>>504576 Not Subutai. Subutai had superior mobility, superior military technology, and could always retreat. While his victories were astonishing if you compare the numbers alone, they were pretty simple considering the mongolian superiority in horse archers and heavy cav. Most importantly, Genghis Khan had nothing to lose in his offensive wars.
Alexander or Frederick i the answer. Both had inferior military technology, both gambled their lives and kingdoms in their campaigns, and both won impossible battles.
>>504609 I'm not the Hannibal guy. Alexander fought how many battles? 3? 4? The rest were sieges sieges sieges sieges because that's how warfare looked like back then.
For similar example see Wilhelm the Conqueror who fought(and won) in Hastings but other than that? Sieges sieges sieges, no battles. Richard the Lionheart didn't fought in ANY battle, it was all about sieges sieges sieges sieges.
Were they the most successful leaders by that margin? They've never lost any battle either.
>>506901 For Wilhelm and Lionheart it was more about making his soldiers NOT desert when waiting for defenders to surrender. Alexander had some really impressive assaults, that's true, but again, lots of the times the enemy simply surrendered.
My point is that saying "oh this guy won all the battles he's a MLG pro general" in times when battles were rare is dumb. Suvorov for instance fought numerous battles and won all of them so for him it's more logical metric. But then again the good general is as >>504710 said - a guy who achieves his goals, not the guy who won many battles.
Phyrrus is the example of completely dogshit commander because sure - he won battles, but he won them in a way that made it impossible to use it in any sensible way.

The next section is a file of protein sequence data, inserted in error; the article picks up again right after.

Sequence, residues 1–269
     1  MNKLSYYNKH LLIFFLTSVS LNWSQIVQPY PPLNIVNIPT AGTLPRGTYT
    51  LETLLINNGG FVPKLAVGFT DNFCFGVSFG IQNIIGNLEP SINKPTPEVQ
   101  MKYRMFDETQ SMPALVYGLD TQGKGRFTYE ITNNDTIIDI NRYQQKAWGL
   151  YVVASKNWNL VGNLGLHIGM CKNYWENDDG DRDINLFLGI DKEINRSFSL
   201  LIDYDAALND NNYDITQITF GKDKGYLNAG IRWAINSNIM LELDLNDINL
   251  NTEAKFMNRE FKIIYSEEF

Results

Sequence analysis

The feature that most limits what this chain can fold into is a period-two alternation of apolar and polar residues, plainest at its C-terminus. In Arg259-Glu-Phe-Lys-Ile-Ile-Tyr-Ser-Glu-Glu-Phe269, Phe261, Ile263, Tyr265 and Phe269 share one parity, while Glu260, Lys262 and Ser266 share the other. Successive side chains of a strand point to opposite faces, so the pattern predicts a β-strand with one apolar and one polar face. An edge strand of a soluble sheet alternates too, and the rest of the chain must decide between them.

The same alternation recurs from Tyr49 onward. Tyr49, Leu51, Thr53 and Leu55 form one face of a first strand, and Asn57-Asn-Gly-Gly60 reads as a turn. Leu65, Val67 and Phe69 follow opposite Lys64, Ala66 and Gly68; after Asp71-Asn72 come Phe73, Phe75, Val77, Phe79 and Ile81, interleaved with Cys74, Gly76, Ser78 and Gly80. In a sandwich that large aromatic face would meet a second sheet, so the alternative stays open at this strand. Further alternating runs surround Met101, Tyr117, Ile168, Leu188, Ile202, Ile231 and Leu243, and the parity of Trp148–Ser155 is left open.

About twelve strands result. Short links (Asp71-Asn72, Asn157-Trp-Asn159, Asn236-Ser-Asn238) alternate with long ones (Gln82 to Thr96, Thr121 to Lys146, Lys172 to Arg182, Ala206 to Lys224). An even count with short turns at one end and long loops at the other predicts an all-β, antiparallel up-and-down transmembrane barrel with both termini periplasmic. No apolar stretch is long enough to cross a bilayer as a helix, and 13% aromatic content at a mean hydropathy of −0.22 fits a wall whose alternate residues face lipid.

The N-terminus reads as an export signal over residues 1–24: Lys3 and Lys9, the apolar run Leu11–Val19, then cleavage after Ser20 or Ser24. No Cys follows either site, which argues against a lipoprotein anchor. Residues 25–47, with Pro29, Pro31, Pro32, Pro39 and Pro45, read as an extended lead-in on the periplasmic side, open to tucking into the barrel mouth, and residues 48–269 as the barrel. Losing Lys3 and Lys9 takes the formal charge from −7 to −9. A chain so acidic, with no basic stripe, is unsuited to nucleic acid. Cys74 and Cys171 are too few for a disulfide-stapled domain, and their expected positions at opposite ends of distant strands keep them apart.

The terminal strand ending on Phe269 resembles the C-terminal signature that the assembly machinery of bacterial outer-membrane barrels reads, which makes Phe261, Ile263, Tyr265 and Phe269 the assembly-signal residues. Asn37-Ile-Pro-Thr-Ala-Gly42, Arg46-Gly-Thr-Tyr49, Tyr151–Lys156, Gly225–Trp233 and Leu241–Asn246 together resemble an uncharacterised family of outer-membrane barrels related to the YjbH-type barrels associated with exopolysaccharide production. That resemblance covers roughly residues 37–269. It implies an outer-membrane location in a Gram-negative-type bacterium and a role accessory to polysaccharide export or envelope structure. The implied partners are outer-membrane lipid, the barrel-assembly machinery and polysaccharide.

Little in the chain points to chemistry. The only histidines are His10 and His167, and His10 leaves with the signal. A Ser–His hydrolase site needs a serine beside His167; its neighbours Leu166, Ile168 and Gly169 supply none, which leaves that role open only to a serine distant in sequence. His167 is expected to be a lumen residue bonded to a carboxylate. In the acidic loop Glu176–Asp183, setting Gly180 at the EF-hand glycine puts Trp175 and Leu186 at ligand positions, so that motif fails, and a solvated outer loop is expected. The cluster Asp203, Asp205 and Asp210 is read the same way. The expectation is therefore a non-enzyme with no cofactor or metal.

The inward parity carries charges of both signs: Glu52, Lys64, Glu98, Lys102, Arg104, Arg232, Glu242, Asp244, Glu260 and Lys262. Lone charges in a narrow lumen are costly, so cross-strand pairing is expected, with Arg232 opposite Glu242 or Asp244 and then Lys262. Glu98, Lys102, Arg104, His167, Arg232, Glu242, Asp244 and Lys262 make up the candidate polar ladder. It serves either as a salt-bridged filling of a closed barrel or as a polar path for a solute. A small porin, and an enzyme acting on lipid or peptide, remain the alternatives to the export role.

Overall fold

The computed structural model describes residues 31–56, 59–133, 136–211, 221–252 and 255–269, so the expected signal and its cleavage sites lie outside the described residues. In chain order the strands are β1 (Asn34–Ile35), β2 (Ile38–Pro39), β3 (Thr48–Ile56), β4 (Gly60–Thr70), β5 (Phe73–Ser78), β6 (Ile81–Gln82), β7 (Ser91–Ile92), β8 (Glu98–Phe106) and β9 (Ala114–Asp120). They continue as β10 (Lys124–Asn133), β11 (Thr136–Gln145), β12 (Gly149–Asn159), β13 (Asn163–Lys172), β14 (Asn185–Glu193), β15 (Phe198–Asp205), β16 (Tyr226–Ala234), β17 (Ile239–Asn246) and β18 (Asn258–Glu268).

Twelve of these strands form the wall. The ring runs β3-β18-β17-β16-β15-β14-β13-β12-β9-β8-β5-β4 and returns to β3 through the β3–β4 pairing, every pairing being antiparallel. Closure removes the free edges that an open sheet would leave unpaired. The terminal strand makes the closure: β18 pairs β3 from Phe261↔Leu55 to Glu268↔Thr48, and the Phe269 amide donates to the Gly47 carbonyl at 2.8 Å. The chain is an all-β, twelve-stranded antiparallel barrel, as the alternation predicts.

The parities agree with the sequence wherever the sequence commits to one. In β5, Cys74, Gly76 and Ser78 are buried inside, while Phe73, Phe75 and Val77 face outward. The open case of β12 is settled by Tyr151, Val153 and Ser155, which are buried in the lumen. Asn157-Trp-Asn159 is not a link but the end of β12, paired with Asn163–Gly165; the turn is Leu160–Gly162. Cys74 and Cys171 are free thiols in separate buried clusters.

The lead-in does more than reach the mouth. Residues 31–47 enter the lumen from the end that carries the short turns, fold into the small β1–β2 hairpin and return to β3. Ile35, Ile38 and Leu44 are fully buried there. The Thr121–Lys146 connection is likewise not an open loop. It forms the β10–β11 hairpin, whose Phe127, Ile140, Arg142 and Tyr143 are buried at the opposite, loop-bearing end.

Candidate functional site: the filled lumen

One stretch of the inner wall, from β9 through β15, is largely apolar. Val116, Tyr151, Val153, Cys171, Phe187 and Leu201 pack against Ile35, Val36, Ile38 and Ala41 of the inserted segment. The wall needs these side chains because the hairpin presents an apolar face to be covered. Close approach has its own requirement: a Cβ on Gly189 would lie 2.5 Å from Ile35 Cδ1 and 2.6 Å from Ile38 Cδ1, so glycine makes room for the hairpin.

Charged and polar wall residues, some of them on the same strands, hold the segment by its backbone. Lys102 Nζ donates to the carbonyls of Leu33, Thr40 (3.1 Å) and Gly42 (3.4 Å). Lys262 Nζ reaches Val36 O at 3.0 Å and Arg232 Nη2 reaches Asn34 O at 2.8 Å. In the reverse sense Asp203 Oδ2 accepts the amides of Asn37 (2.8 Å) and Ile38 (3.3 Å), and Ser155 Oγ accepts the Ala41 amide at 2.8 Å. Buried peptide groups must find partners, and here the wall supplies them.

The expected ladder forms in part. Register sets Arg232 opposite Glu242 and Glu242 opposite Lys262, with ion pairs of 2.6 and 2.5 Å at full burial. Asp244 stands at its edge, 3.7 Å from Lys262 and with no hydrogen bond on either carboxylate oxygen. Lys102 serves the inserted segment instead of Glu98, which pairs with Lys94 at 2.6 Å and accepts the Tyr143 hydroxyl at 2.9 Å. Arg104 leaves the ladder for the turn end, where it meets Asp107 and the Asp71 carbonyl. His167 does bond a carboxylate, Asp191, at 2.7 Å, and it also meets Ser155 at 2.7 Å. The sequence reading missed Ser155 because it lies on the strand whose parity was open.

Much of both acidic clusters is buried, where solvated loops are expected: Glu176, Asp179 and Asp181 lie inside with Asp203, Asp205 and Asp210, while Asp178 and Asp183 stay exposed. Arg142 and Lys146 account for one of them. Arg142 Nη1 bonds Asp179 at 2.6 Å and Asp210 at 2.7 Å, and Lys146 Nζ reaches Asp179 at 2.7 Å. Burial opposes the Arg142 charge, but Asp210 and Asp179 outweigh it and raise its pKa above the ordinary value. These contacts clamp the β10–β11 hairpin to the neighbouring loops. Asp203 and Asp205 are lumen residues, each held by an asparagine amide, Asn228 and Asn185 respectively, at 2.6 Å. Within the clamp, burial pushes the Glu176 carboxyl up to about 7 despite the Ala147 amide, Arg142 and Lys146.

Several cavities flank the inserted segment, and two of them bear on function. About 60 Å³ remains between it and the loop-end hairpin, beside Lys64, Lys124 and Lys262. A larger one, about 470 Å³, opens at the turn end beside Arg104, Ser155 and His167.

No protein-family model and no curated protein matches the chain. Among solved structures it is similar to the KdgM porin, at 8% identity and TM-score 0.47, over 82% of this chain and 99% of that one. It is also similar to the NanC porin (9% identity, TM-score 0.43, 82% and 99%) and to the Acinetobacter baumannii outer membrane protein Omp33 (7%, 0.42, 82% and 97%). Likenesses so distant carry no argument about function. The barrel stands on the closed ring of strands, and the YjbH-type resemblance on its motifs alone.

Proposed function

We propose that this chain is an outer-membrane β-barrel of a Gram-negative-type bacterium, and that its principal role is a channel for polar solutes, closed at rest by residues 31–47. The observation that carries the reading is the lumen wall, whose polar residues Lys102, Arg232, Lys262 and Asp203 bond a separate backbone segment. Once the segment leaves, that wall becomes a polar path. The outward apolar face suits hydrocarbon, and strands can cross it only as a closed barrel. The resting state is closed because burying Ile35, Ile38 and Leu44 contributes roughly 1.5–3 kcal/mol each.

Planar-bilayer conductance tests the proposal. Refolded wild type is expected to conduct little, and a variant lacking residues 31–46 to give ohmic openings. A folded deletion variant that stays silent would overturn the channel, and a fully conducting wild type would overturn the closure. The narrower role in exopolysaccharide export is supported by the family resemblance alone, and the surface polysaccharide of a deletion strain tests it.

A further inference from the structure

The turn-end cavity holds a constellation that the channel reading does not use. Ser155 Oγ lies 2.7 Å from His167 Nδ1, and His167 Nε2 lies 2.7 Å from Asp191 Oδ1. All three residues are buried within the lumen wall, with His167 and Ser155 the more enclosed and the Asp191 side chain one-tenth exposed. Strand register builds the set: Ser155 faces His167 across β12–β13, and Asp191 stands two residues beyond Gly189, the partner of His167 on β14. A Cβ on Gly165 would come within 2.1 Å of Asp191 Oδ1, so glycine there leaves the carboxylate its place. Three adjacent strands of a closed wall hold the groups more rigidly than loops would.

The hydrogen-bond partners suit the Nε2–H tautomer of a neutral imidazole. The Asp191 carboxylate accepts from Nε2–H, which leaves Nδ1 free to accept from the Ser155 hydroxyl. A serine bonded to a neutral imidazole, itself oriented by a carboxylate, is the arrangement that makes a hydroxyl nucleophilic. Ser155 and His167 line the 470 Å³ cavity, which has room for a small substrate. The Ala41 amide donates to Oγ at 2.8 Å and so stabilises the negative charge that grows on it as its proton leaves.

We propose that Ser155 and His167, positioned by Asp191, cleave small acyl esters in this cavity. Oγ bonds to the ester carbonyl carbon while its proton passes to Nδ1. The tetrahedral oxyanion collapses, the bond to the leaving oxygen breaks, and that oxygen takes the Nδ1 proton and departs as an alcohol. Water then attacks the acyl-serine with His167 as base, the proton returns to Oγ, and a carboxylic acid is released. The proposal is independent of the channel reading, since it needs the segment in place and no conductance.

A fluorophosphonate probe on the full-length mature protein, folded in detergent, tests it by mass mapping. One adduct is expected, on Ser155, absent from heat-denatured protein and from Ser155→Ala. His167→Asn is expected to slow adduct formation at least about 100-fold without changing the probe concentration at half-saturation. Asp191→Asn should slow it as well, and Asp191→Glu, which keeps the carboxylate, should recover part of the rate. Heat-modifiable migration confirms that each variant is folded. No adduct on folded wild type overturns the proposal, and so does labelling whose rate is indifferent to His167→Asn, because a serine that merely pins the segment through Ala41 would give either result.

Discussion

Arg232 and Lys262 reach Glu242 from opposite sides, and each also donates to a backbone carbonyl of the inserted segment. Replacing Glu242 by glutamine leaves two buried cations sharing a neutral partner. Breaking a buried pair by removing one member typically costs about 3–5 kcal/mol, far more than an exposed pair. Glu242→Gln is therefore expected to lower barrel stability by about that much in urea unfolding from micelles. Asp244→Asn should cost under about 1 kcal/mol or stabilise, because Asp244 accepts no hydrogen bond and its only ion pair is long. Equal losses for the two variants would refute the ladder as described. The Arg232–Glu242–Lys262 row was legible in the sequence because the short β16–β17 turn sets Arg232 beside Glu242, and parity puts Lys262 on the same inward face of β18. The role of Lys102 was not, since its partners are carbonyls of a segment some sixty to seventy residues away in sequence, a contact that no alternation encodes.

Then you have late-modern era with people like Clausewitz who sure, were military commander but were they winning some battles? They've planned entire campaigns and only watched them being executed, how will they place on that "huh, won many battles = good, lost many = bad" ranking?
>>504576 Chinggis Khan, surely? Most successful? He conquered the most land, slaughtered the most people, brought an unprecedented amount of territory in the civilized world under his command, and left it stable for a few generations to come. I don't think you can really argue here, if you want your question answered literally.
Granted Philip needs to receive credit for building the Macedonian army into a fear-inducing machine, but even under his leadership, it never reached the efficiency as it did under Alexander. Philip did taste defeat a few times, and abandoned at least one siege. He was hesitant of incorporating different elements into his army (although he did give a large role to the cavalry). We see his best generals making mistakes and giving wrongful advice, under Alexander, with Parmenion risking the entire campaign twice!.
Not only did Alexander manage to introduce several new concepts and troops into his army, he did so very successfully, so that there were egyptians fighting in afghanistan, and phoenicians sailing into the Indian Ocean, and steepe scythians riding in the dense indian jungle.
AS a massive turkaboo, i think our usual dudes get a good rep but the navy guys dont. Bear with me. i always get tears in my eyes when i read about barbaros, Turgut, piale pasha or oruc Reis just broing it up, raiding Islands, conquering the mediterranean, fighting heavily fortified Knights order towns...
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